Canada’s Prime Minister Justin Trudeau has announced that the country will join the United States in boycotting the 2022 Winter Olympics in Beijing.
In Beijing, an outdoor screen displays the slogan for the Beijing 2022 Winter Olympic and Paralympic Games, “Together for a Shared Future.” Canada’s Prime Minister Justin Trudeau has announced that, like the United States, Canada will boycott the 2022 Winter Olympics in Beijing, China. (AFP)
Canadian Prime Minister Justin Trudeau has announced that his country, like the United States, will boycott the 2022 Winter Olympics in Beijing on diplomatic grounds.
“Canada remains gravely disturbed by reports of human rights breaches in China,” Trudeau tweeted after making the announcement in Ottawa. As a result, we will not be sending diplomats to the Olympic and Paralympic Winter Games in Beijing. We’ll keep supporting our athletes who put forth the effort to compete on a global platform.”
The boycott was predicted, as Canada’s main allies, the United States, the United Kingdom, and Australia, had already done so.
The Chinese Embassy in Ottawa responded with a harsh rebuke. According to a statement attributed to a spokesperson, Trudeau “falsely alleged” that the Chinese government was violating human rights and “decided on the diplomatic embargo based on this groundless accusation.”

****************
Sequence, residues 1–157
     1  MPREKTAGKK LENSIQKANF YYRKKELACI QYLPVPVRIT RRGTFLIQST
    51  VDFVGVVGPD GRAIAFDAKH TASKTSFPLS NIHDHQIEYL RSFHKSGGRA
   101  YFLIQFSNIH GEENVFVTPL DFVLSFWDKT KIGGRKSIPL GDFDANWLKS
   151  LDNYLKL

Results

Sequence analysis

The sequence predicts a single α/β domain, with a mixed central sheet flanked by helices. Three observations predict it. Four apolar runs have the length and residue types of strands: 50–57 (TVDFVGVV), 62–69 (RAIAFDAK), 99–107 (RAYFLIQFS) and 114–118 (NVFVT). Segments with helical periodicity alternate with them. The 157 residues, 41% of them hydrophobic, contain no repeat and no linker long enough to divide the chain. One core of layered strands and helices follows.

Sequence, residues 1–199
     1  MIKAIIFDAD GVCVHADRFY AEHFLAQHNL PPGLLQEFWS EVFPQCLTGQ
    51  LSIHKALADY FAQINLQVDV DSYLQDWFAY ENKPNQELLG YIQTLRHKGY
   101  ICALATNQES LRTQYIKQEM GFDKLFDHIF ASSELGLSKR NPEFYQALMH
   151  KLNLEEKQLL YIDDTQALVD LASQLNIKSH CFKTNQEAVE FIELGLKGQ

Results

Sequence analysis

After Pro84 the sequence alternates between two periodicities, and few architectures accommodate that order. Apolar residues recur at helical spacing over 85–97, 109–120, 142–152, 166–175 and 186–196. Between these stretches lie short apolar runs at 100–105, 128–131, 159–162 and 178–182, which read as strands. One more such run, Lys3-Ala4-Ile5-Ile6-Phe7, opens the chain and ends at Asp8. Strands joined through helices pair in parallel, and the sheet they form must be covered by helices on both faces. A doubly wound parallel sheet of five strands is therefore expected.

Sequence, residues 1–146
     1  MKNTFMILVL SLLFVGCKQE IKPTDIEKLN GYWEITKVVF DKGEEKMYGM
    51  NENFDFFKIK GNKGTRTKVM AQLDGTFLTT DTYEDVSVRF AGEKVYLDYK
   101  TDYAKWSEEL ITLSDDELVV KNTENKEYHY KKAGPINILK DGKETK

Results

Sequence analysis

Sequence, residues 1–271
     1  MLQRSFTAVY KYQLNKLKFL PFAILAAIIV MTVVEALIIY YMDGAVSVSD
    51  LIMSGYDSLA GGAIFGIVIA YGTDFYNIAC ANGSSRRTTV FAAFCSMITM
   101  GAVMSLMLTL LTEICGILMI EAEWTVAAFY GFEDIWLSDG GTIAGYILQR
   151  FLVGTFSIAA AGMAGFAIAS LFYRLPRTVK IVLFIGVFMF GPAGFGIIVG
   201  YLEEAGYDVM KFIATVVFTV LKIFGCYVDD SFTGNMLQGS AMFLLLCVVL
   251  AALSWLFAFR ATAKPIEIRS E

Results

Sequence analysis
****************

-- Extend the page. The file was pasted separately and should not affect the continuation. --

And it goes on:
“The Chinese side expresses its great discontent and resolute opposition to this,” according to the statement. “The Chinese side has registered harsh objections with the Canadian side.”
It also accused Canada and other Western governments of “flagrantly engaging in political manoeuvring” based on “ideological biases, lies, and rumours” in order to “disrupt the peaceful progress of the Beijing Olympic and Paralympic Winter Games.” “The Canadian side’s hype about a “diplomatic boycott” without even being invited to the Games is just self-indulgence,” it continued.
“Canada must immediately cease politicising sports, stop interrupting and undermining the Beijing Winter Olympics, or risk self-inflicted disgrace,” the report said.
Since senior Huawei executive Meng Wanzhou was jailed in Vancouver in 2018 on charges of allegedly cheating a financial institution to circumvent Iranian regime sanctions, relations between Canada and China have deteriorated. China detained two Canadians, including a former diplomat, a few days later. This was referred to by Trudeau as “hostage diplomacy.”
The two were released in September this year in what was considered as a prisoner exchange, and Meng flew back to China after agreeing to a plea agreement with American prosecutors after more than 1,000 days in captivity and being charged with spying.